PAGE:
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Why U.S. Bank’s loan growth showed interesting trends

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U.S. Bank’s five main loan categories

You need to understand loan categories better in order to see some very interesting trends in U.S. Bank’s (USB) loan growth. U.S. Bank’s loans are divided into five main categories. The categories are:

  • Retail loans – These include non-housing loans to retail clients, like auto loans
  • Credit card loans – These include loans taken on credit cards
  • Residential mortgage loans – These include mortgages taken by retail clients
  • Commercial real estate loans – These include real estate loans taken by corporations
  • Commercial loans – These include loans taken by businesses

 

This is the conventional classification for loans. All of the banks in the Financial Select Sector SPDR (XLF) have exposure to these loan categories.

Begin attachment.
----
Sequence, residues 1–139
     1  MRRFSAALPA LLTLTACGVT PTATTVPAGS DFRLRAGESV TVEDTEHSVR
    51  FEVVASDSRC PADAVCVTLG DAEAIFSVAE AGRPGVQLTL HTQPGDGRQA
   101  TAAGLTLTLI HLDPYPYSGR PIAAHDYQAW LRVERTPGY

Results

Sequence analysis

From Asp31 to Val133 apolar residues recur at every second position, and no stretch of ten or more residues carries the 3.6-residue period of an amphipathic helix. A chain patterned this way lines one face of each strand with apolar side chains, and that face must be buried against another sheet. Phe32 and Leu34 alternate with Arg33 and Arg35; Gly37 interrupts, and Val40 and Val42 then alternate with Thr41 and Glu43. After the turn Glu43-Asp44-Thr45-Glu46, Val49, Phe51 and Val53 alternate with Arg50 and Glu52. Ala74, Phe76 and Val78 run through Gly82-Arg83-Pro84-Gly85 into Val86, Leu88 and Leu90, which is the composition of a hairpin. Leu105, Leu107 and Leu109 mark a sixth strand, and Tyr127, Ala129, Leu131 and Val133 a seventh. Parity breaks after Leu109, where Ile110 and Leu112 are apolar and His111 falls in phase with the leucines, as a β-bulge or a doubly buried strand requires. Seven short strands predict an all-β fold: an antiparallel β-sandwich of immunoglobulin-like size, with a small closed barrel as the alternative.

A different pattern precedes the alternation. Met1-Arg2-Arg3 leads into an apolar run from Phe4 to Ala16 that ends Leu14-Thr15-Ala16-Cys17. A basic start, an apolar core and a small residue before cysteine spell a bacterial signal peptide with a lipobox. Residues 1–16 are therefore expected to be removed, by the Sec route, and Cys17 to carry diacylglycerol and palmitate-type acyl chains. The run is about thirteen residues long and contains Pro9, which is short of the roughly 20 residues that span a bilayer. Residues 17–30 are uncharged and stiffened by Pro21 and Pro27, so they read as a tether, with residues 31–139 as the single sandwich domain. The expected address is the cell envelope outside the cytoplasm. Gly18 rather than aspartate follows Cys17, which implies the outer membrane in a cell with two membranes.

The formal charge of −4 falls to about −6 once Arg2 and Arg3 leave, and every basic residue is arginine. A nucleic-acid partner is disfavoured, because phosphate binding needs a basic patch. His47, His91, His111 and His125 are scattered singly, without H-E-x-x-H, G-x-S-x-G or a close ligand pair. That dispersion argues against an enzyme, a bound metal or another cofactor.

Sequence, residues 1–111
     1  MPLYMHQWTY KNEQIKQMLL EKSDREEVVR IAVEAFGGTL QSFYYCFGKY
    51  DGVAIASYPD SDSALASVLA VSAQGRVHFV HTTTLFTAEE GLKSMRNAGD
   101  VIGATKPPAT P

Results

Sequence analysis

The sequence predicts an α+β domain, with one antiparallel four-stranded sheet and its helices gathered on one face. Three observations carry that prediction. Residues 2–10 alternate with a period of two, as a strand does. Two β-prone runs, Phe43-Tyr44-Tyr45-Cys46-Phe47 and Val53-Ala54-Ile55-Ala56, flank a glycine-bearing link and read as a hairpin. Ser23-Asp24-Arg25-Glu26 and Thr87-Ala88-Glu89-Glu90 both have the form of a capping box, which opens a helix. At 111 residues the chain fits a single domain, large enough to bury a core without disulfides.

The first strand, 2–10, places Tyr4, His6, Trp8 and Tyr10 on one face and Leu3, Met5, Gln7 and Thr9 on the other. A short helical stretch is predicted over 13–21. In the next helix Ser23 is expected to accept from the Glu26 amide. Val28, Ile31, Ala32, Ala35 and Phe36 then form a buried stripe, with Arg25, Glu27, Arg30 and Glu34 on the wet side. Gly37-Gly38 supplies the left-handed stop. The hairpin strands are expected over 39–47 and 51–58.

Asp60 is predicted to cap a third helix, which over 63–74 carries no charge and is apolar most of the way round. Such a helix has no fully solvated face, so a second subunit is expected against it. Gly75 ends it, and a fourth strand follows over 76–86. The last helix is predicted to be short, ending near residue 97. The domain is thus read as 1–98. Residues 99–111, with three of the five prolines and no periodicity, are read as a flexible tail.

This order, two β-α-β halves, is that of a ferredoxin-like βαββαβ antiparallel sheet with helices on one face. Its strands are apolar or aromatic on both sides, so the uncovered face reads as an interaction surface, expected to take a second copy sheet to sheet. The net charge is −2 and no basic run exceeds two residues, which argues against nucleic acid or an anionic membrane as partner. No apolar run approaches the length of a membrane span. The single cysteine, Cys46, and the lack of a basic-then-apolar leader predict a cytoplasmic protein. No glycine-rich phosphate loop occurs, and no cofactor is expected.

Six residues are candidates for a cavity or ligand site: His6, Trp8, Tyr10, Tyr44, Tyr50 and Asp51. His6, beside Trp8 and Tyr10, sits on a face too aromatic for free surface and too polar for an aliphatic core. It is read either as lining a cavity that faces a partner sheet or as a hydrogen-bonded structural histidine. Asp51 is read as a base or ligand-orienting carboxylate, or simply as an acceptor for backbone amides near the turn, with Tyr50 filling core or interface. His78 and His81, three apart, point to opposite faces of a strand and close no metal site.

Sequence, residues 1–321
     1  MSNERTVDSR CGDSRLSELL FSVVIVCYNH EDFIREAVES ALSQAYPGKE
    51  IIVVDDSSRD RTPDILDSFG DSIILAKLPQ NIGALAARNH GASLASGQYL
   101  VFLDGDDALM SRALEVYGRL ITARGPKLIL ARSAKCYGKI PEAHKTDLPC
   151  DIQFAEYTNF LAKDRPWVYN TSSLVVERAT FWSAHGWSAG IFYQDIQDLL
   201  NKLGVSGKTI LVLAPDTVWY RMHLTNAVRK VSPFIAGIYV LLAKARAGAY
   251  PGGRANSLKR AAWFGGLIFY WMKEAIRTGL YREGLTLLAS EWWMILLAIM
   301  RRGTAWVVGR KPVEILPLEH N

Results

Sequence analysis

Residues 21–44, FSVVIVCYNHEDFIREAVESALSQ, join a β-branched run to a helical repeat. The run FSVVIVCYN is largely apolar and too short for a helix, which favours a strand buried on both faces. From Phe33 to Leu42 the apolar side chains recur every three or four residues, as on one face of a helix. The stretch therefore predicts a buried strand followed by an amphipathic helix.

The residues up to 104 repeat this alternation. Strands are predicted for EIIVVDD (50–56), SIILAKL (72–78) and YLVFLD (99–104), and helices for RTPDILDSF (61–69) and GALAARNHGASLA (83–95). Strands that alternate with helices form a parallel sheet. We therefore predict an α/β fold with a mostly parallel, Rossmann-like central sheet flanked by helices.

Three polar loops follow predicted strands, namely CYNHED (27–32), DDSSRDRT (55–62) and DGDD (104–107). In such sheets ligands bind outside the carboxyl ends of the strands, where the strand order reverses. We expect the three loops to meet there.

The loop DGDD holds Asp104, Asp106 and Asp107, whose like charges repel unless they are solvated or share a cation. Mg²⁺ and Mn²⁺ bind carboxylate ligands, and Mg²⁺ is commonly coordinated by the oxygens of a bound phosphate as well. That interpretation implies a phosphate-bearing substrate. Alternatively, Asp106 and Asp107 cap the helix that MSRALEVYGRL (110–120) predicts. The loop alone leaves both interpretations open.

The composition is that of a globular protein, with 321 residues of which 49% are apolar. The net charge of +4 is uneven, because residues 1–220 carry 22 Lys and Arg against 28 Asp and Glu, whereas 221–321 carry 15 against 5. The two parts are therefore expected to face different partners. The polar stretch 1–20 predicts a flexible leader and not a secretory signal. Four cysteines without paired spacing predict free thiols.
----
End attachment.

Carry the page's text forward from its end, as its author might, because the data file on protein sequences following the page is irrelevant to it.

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Residential mortgage loans slowed down

The most important trend visible from the above chart is that U.S. Bank is slowing down its loan growth in residential mortgages. At the end of 4Q14, residential mortgages’ growth rate was 2.2%. This is a significant slowdown from a growth rate of 17.6% in 4Q13. In fact, this trend of slowing growth in residential mortgages held true throughout 2014.

Other banks—like JPMorgan Chase (JPM) and Bank of America (BAC)—also slowed down on residential mortgages in 2014. Wells Fargo (WFC) was the only large bank to report a healthy growth rate in residential mortgage loans. We’ll watch management’s guidance to see if this change is due to any calibrated shift in strategy or if it’s due to economic factors.

Commercial loan growth picked up

Since residential mortgage loans fell in importance, commercial loans took their place. The commercial loan growth rate nearly doubled in 2014. Commercial loan growth was 15.5% in 4Q14—compared to 4Q13. The growth in commercial loans was primarily due to increased economic activity.

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